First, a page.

bk2skl
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I am currently at the very start of my journey.

Ive enrolled on an access to science course and if i do well enough I'd like to apply for graduate courses in the areas stated in the title. Both interest me...

I'm aware that I'll need at least a master's to specialise and be competitive, so my question is, would it make more sense to do Bioinformatics as an undergrad or a master's?

New to all this and getting sick of the sight of Google.

Any help appreciated!
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IlikeDonerKebab
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uhm. yes
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bk2skl
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yes to what?
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QuentinM
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(Original post by bk2skl)
I am currently at the very start of my journey.

Ive enrolled on an access to science course and if i do well enough I'd like to apply for graduate courses in the areas stated in the title. Both interest me...

I'm aware that I'll need at least a master's to specialise and be competitive, so my question is, would it make more sense to do Bioinformatics as an undergrad or a master's?

New to all this and getting sick of the sight of Google.

Any help appreciated!
I'm a bit confused. Access to science courses are taken before an undergraduate degree but you then talk immediately about applying for postgraduate courses? Its also not clear what your plans might be post-degree(s).

I think you would struggle to find a purely bioinformatics-focused course at undergraduate level in the UK (although I believe a few exist), personally I'd think it would be better to take whatever optional modules you can for it during your undergraduate degree then specialise with a masters if you really want to go down that route.

Both options you mention are very different courses, why are you interested in each one?
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bk2skl
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Firstly thanks for taking the time to reply.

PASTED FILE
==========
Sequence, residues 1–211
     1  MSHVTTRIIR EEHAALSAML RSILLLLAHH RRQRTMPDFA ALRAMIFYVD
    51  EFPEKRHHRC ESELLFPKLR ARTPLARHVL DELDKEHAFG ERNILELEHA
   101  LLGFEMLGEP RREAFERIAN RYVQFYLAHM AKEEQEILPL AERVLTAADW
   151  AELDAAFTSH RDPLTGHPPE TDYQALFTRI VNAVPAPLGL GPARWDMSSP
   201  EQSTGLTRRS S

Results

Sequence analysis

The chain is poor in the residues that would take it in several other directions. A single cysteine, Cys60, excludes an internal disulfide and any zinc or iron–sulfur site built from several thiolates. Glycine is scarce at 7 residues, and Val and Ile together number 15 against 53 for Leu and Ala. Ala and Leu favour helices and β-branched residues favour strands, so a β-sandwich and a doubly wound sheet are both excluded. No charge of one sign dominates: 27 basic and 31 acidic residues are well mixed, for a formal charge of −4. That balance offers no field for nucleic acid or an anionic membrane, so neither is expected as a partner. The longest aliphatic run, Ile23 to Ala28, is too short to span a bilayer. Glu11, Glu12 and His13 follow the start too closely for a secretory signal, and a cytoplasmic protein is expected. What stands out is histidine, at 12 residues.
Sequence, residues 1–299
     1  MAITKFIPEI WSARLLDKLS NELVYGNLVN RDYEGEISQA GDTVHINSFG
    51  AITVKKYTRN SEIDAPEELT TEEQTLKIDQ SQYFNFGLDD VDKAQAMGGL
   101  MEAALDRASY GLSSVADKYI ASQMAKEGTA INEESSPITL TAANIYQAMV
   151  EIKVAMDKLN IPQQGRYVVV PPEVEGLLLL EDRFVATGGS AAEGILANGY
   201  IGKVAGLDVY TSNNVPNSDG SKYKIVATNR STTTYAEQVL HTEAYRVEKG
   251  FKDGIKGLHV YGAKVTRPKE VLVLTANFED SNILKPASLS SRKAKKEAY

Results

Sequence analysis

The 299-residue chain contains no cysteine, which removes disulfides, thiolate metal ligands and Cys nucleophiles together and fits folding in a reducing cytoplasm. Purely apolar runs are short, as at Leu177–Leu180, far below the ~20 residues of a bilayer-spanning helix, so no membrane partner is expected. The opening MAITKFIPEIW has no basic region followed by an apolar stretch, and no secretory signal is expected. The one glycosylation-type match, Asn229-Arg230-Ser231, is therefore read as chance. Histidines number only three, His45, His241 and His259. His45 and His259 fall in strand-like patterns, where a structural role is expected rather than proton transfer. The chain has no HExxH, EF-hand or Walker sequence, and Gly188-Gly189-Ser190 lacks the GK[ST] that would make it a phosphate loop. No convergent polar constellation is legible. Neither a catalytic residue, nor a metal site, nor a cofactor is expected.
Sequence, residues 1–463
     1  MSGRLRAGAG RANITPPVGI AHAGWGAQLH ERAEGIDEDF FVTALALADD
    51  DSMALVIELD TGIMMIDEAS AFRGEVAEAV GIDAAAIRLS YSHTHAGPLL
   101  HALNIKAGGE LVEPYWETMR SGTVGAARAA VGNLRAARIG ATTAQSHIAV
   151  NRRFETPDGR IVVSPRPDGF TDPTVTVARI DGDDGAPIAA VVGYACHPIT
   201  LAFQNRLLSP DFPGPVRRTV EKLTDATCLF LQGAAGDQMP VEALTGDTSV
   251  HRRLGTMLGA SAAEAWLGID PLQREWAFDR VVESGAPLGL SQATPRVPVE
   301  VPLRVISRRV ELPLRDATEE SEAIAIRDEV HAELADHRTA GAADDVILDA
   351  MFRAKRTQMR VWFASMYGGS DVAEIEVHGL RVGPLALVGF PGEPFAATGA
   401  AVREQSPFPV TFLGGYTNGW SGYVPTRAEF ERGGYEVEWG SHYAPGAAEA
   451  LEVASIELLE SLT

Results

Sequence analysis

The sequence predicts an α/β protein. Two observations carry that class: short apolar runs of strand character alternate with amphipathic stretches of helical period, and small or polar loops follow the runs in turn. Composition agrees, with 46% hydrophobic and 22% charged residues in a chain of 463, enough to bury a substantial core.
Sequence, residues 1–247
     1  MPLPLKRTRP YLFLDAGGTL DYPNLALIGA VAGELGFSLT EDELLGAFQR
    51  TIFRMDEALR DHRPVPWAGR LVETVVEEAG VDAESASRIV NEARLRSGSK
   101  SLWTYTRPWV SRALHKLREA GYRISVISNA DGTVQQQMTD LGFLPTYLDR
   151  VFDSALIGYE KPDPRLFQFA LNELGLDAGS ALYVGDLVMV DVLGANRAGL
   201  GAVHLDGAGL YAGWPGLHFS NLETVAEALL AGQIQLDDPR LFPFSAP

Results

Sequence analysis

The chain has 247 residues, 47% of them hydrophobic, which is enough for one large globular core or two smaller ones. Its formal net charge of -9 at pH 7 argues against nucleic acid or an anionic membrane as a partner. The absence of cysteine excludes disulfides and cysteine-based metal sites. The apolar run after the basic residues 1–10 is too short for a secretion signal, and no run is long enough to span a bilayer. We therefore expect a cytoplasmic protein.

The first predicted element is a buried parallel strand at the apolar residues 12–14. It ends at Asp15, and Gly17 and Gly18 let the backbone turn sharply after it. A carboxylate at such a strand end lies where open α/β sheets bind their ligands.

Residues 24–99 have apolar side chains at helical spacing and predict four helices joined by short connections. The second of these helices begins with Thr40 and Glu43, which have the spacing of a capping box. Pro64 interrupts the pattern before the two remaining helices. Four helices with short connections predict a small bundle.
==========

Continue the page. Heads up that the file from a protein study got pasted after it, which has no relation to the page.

The reason I'm trying to plan so far ahead is that I'm drastically changing careers at 33 with a family and from what I have repeatedly heard, it's really difficult to get a job in the sciences without at least a masters. One of the few big reasons I'm making a change is so that I am able to work and support my family so I want to be smart with my investment. Biology is what I find most intriguing but have reservations over studying this alone as it is very broad and for the aforementioned reason regarding job prospects after graduation.

I like the look of bioinformatics because I find the cross-section of computer science and biology interesting too and despite having no previous experience with coding, I've started to learn some Python and I'm enjoying it so far. That coupled with the fact (as far as I understand) it's possible to get a job after completing an undergraduate degree makes it quite attractive. I suppose I don't know what I'll actually enjoy until I'm on the course, but based on what I can find out this is where I've landed.

You make a good point about selecting modules that would help me learn in those areas, I guess because I've never been to uni I find it hard to picture what I need and where I'll end up as a result of it.
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In short, I find biology fascinating and would like to have the option of working in a related field someday... but I'm trying to find a happy medium that allows me to be able to work after college if I need to as opposed to probably having to get a masters before landing a decent job.

Does that make more sense?

Again thanks for replying and I'd be interested if you have any other advice?

Cheers
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medicphd
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Hi there, I thought I'd just share some of my experiences as I'm a bioinformatician who started off as a biologist. I'm not aware of many undergrad programmes that are solely bioinformatics, but there are quite a few bioinformatics masters programmes. However, you should have the opportunity to do a research project during your undergrad degree and you should be able to find a lab that does computational analyses, this is where you can get some solid bioinformatics experience. Most job adverts will say they want someone with Bash, python and R skills, and it's always good to have a Github profile to show your work. Because bioinformatics is a relatively new field, you'll be competing with biologists, bioinformaticians and computer scientists for jobs after you graduate, and as a bioinformatician you need skills in both biology and computer science.

I don't want to sound negative but biology (including bioinformatics) is incredibly competitive, and you'll be fighting with MSc and even some PhD candidates for entry-level positions after you graduate. You have to find a way to set yourself apart from others so that companies will choose you over a candidate with a higher degree. And unfortunately you might find that you hit a ceiling without a higher degree.

I presume you're wanting to work in industry rather than academia so I can't provide that much detail unfortunately, but feel free to ask any other questions and I'll try to help.
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